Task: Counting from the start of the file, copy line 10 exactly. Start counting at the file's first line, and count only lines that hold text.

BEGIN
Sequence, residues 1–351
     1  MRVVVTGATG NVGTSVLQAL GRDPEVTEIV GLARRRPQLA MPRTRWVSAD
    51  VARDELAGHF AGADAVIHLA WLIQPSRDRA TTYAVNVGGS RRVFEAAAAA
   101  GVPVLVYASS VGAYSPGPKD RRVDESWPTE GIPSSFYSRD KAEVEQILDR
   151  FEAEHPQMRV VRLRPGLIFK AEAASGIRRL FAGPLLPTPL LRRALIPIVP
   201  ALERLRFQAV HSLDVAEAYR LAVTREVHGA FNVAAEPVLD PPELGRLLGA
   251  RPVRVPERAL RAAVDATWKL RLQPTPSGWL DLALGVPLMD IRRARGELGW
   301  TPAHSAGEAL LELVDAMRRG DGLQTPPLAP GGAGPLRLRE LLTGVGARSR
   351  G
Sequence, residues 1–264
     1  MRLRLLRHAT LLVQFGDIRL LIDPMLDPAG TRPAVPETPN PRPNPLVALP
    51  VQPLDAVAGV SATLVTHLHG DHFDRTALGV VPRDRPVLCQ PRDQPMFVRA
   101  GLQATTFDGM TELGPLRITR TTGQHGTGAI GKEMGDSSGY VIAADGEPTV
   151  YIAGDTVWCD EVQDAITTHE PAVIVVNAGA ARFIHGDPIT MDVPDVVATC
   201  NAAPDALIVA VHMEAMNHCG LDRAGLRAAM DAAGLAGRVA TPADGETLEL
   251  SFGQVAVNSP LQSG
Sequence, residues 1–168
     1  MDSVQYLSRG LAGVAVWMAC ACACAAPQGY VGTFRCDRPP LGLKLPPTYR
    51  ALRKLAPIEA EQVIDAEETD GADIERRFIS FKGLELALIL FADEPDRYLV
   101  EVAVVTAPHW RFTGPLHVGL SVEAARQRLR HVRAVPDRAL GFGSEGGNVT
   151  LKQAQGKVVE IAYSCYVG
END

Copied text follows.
Sequence, residues 1–264